While homeowners can cheer the plummeting costs of natural gas, food processors who hoped to harvest methane from their waste streams have had to rethink renewable energy projects. Each year has brought another precipitous drop in value: the spot price of natural gas averaged $8.86 per million Btus in 2008,...
When I heard the Dos Equis radio spot in early April, I chuckled when I heard the latest tales of the World's Most Interesting Man's triumphs. You know WMIM, the debonaire cross between Papa Hemingway and George Hamilton who slakes his taste for something malty with double-X Mexican beer?
I was munching a mouthful of oatmeal one morning this week when my tongue felt something hard. “An uncooked kernel?” I thought, and I considered swallowing, then thought better of it. To my surprise, it was a jagged piece of glass, 5/16 in. long and 3/16 in. at its highest point.
Packaged food and beverage products were 2012’s answer to the question, What do thieves want?
Third-party audits under the SQF food-safety standard likely will shift from scheduled plant reviews to unannounced visits by 2014, according to Michael Govro, technical/quality assurance manager at NSF International.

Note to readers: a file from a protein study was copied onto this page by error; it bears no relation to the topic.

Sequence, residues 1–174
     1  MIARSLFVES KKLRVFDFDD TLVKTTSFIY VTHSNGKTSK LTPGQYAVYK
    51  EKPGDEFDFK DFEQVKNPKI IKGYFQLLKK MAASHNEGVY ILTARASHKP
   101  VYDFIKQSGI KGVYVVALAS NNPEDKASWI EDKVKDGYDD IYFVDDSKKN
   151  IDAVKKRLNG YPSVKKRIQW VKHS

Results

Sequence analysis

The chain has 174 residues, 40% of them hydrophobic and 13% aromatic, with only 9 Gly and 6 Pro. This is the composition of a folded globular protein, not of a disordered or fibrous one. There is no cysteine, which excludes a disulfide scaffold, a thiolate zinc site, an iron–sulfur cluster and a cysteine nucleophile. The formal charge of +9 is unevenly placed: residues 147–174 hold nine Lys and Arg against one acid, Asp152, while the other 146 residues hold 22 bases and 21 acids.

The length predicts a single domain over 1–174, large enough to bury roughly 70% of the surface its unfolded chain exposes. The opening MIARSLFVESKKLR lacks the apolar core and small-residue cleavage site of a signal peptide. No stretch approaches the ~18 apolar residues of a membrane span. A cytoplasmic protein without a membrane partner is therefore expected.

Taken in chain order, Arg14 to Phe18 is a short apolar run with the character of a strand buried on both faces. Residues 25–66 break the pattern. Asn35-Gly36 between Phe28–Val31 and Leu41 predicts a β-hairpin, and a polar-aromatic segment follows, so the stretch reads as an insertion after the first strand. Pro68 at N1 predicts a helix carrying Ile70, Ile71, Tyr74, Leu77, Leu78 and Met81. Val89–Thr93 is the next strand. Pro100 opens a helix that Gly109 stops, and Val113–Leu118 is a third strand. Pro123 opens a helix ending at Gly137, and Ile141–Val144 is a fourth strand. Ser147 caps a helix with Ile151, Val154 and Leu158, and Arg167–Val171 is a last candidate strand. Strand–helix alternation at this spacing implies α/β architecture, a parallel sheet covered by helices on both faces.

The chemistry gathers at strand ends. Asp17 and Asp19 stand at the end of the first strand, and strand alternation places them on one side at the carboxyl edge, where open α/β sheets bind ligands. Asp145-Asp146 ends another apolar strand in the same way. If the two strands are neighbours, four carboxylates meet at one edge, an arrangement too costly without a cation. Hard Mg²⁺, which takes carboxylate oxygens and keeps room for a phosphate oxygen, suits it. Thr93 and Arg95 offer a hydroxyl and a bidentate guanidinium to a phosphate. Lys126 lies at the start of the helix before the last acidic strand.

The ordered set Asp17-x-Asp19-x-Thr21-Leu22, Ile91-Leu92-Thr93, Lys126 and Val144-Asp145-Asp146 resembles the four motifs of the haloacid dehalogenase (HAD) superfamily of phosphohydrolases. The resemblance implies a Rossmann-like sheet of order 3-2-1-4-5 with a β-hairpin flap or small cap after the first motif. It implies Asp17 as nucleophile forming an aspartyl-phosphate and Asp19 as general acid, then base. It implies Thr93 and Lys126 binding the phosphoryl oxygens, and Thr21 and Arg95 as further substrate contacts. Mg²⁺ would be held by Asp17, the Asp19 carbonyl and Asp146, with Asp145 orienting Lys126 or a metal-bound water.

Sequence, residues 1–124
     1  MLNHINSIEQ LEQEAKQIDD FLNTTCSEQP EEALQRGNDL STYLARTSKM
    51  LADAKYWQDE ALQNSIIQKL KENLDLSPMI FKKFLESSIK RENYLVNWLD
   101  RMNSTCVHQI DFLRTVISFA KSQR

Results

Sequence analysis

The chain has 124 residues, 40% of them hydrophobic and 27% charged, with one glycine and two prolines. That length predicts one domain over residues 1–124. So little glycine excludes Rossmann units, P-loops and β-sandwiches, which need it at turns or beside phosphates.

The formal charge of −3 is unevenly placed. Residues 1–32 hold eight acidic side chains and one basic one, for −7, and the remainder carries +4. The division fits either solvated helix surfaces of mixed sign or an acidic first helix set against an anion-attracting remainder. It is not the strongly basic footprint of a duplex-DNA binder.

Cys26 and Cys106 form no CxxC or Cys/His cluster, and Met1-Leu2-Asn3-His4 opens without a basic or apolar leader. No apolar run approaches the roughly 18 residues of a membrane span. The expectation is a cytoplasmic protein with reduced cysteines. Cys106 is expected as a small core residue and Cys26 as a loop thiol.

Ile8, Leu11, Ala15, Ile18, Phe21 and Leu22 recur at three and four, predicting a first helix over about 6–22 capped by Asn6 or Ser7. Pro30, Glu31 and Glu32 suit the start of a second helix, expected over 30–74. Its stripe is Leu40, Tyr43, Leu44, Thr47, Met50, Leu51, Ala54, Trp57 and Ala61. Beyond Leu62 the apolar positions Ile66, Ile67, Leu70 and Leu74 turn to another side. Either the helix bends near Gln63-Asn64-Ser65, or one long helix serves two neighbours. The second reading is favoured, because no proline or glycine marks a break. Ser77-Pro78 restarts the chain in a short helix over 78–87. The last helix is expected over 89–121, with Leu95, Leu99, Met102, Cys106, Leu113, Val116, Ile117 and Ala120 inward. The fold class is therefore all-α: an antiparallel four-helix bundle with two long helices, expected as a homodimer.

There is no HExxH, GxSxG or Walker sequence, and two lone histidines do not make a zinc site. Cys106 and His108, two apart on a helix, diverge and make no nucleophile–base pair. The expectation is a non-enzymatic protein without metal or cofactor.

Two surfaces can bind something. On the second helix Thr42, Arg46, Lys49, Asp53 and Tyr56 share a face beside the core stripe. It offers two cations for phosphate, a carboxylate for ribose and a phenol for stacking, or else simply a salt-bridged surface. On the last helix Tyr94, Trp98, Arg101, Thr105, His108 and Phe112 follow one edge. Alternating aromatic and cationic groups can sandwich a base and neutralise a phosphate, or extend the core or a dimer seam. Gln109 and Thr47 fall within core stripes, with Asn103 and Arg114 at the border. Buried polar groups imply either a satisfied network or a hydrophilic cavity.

The early betting makes compressed natural gas (CNG) the favorite in the race to replace gasoline and diesel as the dominant fuel source for moving food through tomorrow's supply chain, though CNG is hardly the only option.
There's a study circulating at the U.S. Federal Reserve that suggests 80% of the products sold at Walmart stores end up in a landfill within 60 days.
Kudos to Mike McCloskey, founder of Fair Oaks Farm and a mover and shaker in multiple dairy processing organizations. His Indiana farm is the focus of a recent national story spotlighting a waste-to-energy project that converts manure from 30,000 milking cows into compressed natural gas to power the 42 tanker...
As everyone involved in food processing knows, modern manufacturing needs a lot fewer bodies to get more product out the door than it used to, thanks to automation. But that isn't stopping local economic development groups from pitching lucrative incentives to food companies to build a plant or stay put...
As international trade increases, you often hear references to the world becoming a global village. A more precise analogy might be the global shopping mall, and American food companies as its food court.